The trouble with market timing

The trouble with market timing
  • Investment management
  • 5 minute read

The devastating impact of the coronavirus crisis on global stock markets has left investors reeling and in many cases, nursing substantial losses. Is it ever really possible to time the market and if not, how can investors mitigate the fallout? Philip Young, managing director at Close Brothers Asset Management, explains how the company aim to protect its clients’ portfolios and seek out investment opportunities during the downturn.

Calling the market

Our investment ethos at Close Brothers centres on ensuring that first we meet any cash requirements our clients have from their portfolios. Next, we aim to protect their capital and income streams and finally, we look to take advantage of market opportunities with the potential to generate profits.

Timing the market is virtually impossible, given the sheer difficulty of accurately forecasting the many moving parts which make up modern capital markets.

Instead, over the last 30 years or so, I have regularly used a technique called ‘pound cost averaging’. At key market levels where it seems that the valuation level is broadly attractive and the risk/reward ratio is tilted in favour of long term investing, we feed cash into the equity markets.

For example, reading my notes from the 2007/08 financial crisis, when equities started to look cheap in March of 2009, we invested three tranches of cash into equities on the left hand side of the downturn of the V and then another 3 to 4 tranches on the right hand side of the V, as the markets turned around and started to rebound strongly. Used properly, this can be an effective technique in a downturn.

A focus on strong companies

All of my team’s portfolios are bespoke in that they are customised to meet the specific investment requirements of each client. Most of them have a significant long term exposure to global equities. Historically, these have provided the best general protection against inflation and, in particular, provided a growth in income ahead of inflation and well ahead of that from bonds and cash.

We have been looking to take advantage of the market falls by investing in strong companies such as those that can be found in the US tech sector. Because of their market dominance, these companies tend to have decent balance sheets. We have also been investing in the healthcare and biotech sectors; this is a long term investment theme which the recent crisis has tragically highlighted as an ever important part of the global economy.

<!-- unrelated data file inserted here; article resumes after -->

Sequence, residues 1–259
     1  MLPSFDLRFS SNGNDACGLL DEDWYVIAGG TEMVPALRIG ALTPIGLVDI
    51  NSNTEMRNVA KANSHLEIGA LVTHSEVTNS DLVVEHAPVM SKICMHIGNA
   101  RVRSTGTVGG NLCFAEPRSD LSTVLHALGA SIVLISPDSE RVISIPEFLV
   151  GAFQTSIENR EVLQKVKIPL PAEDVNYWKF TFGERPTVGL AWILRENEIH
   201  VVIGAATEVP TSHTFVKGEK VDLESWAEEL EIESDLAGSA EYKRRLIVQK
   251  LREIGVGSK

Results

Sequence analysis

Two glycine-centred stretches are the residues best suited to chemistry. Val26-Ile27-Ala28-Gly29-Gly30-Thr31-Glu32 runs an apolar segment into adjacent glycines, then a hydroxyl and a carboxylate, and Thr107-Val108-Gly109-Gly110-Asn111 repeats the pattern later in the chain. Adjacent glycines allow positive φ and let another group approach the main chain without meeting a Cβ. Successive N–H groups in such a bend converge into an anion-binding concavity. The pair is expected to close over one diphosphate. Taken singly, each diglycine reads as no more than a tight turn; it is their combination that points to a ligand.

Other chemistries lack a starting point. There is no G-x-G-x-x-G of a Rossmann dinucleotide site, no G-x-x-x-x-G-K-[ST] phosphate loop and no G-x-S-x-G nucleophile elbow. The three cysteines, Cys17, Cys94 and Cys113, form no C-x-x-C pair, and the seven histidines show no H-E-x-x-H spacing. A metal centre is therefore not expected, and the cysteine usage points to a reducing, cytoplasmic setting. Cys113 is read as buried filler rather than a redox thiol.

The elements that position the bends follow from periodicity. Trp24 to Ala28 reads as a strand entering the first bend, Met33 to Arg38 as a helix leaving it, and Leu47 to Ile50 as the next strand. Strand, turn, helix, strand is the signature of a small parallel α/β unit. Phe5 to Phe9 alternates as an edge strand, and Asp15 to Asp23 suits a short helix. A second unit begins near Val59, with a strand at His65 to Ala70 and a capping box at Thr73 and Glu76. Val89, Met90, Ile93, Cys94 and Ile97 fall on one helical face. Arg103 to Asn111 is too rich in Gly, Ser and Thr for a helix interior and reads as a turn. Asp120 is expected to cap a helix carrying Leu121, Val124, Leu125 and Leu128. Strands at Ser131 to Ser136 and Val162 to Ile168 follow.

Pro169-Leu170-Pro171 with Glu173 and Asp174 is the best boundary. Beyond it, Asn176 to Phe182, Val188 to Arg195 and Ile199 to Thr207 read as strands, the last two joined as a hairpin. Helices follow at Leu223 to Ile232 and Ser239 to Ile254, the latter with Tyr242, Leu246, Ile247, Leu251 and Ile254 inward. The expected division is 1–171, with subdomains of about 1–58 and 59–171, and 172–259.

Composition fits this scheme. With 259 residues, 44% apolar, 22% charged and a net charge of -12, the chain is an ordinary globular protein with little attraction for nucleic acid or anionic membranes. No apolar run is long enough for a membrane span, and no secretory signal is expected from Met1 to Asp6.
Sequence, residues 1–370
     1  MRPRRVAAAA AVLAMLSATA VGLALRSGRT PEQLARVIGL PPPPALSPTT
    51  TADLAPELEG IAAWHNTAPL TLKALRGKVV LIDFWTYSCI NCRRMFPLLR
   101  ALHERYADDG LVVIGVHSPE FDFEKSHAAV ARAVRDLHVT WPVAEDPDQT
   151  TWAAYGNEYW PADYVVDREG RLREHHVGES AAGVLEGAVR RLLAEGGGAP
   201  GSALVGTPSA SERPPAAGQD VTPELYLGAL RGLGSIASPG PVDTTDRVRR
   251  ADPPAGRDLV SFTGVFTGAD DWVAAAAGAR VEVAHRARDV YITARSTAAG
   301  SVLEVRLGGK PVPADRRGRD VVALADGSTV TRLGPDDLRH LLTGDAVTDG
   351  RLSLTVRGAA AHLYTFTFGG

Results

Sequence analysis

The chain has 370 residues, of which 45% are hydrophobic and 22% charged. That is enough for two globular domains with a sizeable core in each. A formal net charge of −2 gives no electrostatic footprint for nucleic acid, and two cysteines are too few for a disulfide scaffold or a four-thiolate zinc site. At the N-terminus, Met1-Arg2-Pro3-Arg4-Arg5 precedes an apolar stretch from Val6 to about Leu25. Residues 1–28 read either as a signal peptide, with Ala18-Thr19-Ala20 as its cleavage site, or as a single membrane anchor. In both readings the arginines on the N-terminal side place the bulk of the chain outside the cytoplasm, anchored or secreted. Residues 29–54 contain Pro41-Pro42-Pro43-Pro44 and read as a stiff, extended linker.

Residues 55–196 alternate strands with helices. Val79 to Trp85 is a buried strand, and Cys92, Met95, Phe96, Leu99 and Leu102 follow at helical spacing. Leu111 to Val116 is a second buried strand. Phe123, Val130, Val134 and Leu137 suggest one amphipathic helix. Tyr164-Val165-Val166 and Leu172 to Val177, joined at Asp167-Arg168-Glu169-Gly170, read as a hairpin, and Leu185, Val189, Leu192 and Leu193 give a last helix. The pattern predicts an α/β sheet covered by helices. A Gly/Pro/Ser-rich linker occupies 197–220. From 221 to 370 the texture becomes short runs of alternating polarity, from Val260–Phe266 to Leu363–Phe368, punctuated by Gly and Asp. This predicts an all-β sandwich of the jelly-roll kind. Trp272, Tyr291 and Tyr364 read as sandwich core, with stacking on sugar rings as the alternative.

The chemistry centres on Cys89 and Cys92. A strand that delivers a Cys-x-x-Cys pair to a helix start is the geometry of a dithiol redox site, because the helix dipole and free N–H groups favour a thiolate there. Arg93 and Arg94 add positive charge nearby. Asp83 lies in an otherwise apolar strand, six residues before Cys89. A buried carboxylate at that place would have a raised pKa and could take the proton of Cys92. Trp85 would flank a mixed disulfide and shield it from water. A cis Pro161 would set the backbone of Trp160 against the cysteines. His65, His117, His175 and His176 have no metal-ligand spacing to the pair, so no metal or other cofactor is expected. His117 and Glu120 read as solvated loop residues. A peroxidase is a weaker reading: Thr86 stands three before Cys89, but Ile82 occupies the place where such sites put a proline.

We have also been looking at what we believe are the stronger, safer companies within the FMCG (fast moving consumer goods) sectors - those that produce soap, shampoo, toothpaste, detergents and other cleaning agents. These are the essentials for daily living that provide a highly valuable cash flow for us long term investors, and are more likely to support dividend payments.

The benefits of active management

We are active managers and in a market downturn, this sensible and risk-controlled activity can make a real difference to how portfolios perform and the outcome for our clients.

It boils down to this - what is the most suitable strategy for a client’s portfolio at any particular juncture of the downturn and how can we best execute it in these market conditions?

The importance of communication

Throughout any major crisis, it is vitally important to keep in regular touch with our clients and to fully explain all aspects of the rapidly changing market environment. Some of this news may not be that welcome to them but, to retain the trust of our clients, it is important to discuss both the good and bad. We make sure that they understand our efforts to manage risk. For example, since February this year when the coronavirus hit, both our chief executive officer and individual investment managers have been in regular touch with clients, explaining what we’re doing and why. This is one reason why many of our clients have been with us for years – in fact, they’ve remained remarkably calm, because they trust that there is someone right on the other end of the phone with their best interests front of mind.

In short, timing the market is very difficult if not impossible. We believe the best policy is to be patient and invest steadily throughout the downturn, to take advantage of the very interesting long term opportunities that may arise.

This article was first published in The Week and MoneyWeek, April 2020.

Your capital is at risk. Investments can go down as well as up. Past performance is not a reliable indicator of future returns.

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